How wine or cider “feels” in the mouth of a taster is such a rarely spoken about and close to the least understood aspect of sensory evaluation and yet one of the most important. The physical aspect of assessing “mouth feel” is simply taking about 15mL of the product into your mouth then working out how it feels. Having the chart pictured (available from the ASVO for $13.64 www.asvo.com.au) is super helpful and has many great terms to bring out at a tasting!
As a winemaker it’s a tightrope walk to make sure that the balance perfectly accentuates the aroma and flavour. This is the area that requires the greatest skill as minute tweaks can make a massive difference. Generally we are adding or removing certain components in the product to do so. In cider and white wine, one of the biggest influences is the acid level. In Australia, we are allowed to add natural fruit acid to help achieve stability and also change the mouth feel. It’s quite amazing to taste a product that has been transformed by the addition of a mere 0.5 g/L of acid. It can quite literally make it seem as though there is more fruit flavour that has been added as well!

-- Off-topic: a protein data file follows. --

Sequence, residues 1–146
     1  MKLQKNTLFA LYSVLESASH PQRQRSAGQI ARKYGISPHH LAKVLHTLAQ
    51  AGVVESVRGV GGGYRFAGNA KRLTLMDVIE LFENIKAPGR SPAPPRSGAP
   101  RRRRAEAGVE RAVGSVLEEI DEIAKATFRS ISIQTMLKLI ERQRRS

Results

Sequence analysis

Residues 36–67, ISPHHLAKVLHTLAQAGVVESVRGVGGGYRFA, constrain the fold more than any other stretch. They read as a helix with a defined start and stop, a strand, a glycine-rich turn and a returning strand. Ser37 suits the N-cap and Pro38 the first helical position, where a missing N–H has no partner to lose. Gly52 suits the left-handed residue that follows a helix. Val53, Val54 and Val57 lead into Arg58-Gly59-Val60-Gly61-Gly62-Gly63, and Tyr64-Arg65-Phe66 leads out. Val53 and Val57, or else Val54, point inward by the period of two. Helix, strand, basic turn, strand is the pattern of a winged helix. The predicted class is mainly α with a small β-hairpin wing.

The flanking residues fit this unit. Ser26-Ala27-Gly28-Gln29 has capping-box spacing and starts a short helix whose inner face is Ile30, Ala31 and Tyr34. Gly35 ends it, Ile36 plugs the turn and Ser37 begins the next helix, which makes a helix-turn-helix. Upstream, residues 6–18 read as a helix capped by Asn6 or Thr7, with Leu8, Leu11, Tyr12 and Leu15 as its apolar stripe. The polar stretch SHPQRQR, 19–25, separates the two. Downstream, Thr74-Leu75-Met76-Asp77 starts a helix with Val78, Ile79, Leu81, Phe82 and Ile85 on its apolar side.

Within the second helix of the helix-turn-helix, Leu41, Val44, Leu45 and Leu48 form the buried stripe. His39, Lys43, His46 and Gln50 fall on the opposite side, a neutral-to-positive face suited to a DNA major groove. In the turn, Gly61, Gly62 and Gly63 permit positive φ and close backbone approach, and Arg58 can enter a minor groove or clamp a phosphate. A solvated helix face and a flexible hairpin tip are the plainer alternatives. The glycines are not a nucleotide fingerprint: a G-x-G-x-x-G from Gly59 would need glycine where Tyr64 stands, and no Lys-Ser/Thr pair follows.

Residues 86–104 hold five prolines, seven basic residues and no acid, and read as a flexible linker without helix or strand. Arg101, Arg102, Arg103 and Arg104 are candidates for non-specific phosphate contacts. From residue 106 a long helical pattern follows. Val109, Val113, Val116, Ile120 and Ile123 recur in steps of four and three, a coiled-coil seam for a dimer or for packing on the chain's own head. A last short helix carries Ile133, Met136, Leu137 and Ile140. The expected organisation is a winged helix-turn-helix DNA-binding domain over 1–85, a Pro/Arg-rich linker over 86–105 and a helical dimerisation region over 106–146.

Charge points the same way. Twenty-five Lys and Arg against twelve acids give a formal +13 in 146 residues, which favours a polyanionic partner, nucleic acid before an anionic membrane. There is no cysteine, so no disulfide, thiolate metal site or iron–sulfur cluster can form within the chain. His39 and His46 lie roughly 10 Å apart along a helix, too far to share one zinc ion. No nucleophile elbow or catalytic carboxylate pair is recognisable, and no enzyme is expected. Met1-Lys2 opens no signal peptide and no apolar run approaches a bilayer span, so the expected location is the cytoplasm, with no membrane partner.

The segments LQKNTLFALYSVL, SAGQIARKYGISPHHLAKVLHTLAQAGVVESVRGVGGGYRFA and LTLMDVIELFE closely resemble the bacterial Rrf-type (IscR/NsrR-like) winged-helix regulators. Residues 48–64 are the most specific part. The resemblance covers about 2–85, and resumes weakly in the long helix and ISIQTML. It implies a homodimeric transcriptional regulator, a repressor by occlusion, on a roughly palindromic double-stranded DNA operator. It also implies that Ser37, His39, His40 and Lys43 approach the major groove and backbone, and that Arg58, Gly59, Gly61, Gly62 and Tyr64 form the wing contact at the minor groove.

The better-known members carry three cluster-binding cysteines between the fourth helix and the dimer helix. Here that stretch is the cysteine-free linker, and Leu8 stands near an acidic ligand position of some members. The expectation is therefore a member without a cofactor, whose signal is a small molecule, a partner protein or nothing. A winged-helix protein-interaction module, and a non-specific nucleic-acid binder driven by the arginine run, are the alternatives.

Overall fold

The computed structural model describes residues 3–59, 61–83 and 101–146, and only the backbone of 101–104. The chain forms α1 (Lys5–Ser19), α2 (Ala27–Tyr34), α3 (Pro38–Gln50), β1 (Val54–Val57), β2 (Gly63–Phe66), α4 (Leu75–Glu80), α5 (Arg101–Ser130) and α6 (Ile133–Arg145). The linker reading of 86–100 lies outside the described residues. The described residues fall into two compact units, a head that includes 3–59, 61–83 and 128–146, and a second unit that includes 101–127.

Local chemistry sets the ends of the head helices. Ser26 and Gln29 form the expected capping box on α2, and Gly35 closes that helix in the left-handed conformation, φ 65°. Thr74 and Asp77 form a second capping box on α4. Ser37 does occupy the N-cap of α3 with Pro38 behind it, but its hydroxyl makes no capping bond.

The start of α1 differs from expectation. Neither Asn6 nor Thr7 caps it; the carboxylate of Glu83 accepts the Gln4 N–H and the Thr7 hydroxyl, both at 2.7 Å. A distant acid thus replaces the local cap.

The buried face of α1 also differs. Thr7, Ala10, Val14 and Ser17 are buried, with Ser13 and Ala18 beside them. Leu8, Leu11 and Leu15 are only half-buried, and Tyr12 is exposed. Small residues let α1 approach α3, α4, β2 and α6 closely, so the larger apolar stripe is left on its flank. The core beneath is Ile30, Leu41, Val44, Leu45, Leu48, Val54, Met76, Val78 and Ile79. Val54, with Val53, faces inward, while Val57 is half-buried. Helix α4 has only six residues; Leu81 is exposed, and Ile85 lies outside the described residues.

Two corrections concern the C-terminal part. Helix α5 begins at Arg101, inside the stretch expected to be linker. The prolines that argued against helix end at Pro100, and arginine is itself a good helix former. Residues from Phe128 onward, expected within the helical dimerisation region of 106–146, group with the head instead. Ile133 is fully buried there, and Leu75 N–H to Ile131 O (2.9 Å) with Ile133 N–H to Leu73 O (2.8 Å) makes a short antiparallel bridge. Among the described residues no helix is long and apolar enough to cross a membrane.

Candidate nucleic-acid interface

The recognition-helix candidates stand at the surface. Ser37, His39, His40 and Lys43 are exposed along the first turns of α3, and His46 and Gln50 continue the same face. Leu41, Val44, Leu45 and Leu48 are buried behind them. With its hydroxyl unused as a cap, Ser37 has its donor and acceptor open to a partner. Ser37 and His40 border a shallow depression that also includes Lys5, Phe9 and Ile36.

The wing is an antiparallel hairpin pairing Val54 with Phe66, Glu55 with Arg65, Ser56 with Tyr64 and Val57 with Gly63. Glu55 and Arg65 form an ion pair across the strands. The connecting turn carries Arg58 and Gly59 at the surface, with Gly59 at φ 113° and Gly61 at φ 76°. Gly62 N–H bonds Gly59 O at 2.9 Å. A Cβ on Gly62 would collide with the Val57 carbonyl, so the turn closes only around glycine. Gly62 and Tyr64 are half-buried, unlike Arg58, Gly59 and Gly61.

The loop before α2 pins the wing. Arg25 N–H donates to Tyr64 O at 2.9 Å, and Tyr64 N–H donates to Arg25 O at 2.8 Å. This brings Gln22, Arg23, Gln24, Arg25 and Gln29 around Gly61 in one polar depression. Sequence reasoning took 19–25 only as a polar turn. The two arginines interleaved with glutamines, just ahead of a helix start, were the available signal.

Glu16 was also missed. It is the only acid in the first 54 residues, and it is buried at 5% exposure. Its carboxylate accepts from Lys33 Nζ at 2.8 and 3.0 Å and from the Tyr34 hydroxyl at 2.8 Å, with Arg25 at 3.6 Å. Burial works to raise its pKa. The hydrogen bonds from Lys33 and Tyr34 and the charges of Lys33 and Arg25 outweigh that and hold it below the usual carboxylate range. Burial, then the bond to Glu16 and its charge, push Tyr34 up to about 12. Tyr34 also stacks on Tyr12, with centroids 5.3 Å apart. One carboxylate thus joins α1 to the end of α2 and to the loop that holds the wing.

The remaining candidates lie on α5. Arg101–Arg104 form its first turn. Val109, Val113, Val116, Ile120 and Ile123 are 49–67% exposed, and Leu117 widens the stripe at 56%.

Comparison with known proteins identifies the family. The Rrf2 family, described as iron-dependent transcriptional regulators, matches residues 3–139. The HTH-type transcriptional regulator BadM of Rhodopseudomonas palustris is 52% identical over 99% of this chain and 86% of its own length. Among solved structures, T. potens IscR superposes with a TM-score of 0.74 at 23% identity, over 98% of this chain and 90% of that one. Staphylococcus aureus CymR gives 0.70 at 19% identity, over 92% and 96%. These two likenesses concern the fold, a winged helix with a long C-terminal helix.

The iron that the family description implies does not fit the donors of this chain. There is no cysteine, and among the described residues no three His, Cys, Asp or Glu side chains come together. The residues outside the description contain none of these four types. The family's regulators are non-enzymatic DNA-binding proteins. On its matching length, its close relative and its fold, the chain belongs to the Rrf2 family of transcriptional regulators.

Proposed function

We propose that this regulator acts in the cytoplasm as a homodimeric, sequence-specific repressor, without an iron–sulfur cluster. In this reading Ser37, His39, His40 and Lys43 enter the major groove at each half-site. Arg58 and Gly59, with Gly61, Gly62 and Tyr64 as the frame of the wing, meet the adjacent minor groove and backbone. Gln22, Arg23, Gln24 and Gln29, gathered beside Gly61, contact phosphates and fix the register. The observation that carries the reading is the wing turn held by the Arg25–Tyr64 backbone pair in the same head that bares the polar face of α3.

Correspondingly, the “amount” of bitterness can also seem to change with a tweak in acid which is why most bittering compounds are typically removed from these products (fining) to highlight the pure fruit flavours. Red wine is a little different though as it relies on astringency as part of the allure to provide the “drying” in the mouth. The two big influences for a red wine are the compounds that naturally come from the grape skins/seeds and the use of oak in maturation.
One of the most delightful aspects to mouthfeel for me is bubbles! Cider and sparkling wine invigorates the palet, lifting as it were, the more subtle fruit and crafted complexities. Traditional methods of bottle conditioning can give some amazingly fine bubbles (bead) that enrich the flavours and aromas. It’s a long process that is very labour intensive, but absolutely worth the effort.